They add a note to each box saying that if a family needs any extra help they should just contact the church.

“Because we do so much in the community, we get so much support back,” says Roger Smith, treasurer of the Parochial Church Council. “We get some very generous donations.”

This medieval church has certainly adapted itself to meet the needs of modern times, although its people consider their actions to be very traditionally Christian.

“What did Jesus do? He went out and fed the five thousand,” Roger points out. “That’s just what we’re trying to do as a church.”

Roger Smith tells the story of Jesus’s arrival in Jersusalem

The Easter Experience ran for six two-hour sessions over three days at St Bart’s, the week before Holy Week. It served about three hundred children from three local schools.

Roger, a retired schoolteacher himself, was responsible for the Palm Sunday zone.

“You know what it’s like to cheer your favourite sports team,” he explained to the assembled group. “That’s what happened when Jesus came into Jerusalem. The people had heard of his miracles. The people were so happy to see him. They cheered him on, and laid out the palm branches on the road for him to walk on.

“They had, after all, been hoping and dreaming for hundreds of years that their saviour would come along.”

Roger explains that the reason he and the other church volunteers go to such efforts is to encourage the next generation into the church.

“We want them to feel comfortable here, to feel welcome and included,” he says.

The meaning of Easter

Nine-year-old Elizabeth Smith clearly feels very comfortable here. She’s even brought her grandfather Tim Hayes, a retired evangelical minister, with her.

“Easter is fun because we get together,” Elizabeth says. “But people forget the meaning of it. Our school helps us get back into the spirit of why we celebrate Easter – because Jesus died on the cross for us.”

Her grandfather agrees. “I think it’s a tremendous opportunity to make the connection between religion and faith,” he says. “Many people wonder if church is still relevant. Events like this help make the connection between the religious calendar and the secular calendar. They help our kids find their roots.”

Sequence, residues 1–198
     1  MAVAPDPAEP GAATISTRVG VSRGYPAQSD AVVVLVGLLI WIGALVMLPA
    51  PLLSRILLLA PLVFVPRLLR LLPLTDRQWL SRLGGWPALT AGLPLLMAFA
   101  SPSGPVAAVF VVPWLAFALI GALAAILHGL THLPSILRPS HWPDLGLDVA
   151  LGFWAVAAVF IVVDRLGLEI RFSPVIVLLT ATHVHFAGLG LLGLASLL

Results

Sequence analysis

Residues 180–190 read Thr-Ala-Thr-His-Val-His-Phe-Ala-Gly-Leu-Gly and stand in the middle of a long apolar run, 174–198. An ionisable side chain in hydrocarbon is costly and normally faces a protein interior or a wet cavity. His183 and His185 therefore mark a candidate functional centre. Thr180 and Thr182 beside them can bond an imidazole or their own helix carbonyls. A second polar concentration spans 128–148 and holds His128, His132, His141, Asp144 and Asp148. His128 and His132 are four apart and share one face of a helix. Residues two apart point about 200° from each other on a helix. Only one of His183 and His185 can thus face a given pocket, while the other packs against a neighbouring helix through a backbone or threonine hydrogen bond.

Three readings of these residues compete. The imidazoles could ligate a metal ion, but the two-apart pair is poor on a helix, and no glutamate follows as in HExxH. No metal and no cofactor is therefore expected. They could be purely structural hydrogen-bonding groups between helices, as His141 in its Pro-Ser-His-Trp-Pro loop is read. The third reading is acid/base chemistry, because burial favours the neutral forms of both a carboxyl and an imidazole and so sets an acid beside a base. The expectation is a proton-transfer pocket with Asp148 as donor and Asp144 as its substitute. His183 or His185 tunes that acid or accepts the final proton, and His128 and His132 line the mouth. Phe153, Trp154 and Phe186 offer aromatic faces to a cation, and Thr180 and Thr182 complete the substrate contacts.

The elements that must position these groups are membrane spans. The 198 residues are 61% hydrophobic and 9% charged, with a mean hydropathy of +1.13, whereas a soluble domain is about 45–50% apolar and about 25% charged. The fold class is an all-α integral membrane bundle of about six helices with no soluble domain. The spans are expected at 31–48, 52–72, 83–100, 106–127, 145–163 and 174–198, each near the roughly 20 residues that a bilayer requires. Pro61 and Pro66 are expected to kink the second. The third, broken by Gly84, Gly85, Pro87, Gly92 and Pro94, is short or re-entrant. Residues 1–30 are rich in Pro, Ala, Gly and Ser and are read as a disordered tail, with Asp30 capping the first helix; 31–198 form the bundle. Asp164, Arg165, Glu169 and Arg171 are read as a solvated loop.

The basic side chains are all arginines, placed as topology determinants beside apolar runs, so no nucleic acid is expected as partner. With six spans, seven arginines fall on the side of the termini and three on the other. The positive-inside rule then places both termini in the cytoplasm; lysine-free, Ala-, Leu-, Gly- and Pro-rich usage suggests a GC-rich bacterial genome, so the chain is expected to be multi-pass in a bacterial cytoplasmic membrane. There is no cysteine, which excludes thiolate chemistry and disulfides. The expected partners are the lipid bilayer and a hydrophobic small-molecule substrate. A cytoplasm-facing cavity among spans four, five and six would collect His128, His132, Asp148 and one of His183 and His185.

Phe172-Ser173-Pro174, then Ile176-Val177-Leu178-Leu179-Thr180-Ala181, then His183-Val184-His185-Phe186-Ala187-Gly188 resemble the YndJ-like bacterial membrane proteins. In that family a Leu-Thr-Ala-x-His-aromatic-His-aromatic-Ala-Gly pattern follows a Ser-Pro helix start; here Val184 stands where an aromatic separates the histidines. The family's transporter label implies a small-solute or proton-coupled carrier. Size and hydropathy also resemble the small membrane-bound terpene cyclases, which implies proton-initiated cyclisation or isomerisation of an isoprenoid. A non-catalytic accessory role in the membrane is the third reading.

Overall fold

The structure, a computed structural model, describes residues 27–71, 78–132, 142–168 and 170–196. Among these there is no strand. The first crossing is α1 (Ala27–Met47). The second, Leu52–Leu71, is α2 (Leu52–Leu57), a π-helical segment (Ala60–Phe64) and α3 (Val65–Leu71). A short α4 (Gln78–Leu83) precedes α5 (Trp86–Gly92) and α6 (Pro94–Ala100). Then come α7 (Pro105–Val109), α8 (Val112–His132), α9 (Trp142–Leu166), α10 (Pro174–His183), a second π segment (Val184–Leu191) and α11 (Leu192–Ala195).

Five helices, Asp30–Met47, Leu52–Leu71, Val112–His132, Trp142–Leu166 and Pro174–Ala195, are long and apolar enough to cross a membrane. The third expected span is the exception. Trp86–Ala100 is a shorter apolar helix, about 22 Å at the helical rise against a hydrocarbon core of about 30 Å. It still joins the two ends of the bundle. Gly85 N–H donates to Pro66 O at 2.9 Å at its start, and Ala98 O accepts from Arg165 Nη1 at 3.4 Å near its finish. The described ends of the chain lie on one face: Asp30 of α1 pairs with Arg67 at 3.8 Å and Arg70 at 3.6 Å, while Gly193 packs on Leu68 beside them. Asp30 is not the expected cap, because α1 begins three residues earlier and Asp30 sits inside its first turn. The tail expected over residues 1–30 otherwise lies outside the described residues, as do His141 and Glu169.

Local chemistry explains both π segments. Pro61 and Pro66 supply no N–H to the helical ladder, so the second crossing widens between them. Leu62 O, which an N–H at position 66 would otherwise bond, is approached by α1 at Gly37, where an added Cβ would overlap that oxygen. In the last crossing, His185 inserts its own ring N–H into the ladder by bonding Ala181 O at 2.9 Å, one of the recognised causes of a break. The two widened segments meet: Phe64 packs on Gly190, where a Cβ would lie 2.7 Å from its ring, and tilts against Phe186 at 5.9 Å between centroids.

Elizabeth’s teacher Chloe Libby also finds the experience valuable.

“It’s definitely beneficial for the children,” she says. “They get a first-hand look at what these festivals mean. Not all of the children would otherwise get experiences like this. It’s a really nice opportunity for them.”

Elizabeth Smith with her teacher Chloe and her grandfather Tim

Churchwarden Bernice Gresswell adds: “It’s a way of showing children Easter isn’t just about bunnies and eggs. They can sometimes forget that Jesus is involved in all of this. And it’s fun.”

It is with this sense of fun that the Reverend Sheila tells the story of the last supper – as if it were a farewell pizza party for a friend who’s moving away. “‘Every time you have a pizza, remember me,’ they might say.”

“It’s all explained in children’s terms,” Sheila says. “There’s no massive theological teaching where they haven’t got a clue what we’re on about.

“The church really needs to revisit some of our teaching. There’s a place for theology but not everybody’s a theologian.”

And so she welcomes the latest generation of youngsters into St Bartholomew’s: “I like Easter eggs and Easter bunnies, but there’s something important behind all of this. There’s this bloke – you’ve probably heard of him – he’s called Jesus…”

The Reverend Sheila Bawden with her granddaughter Marley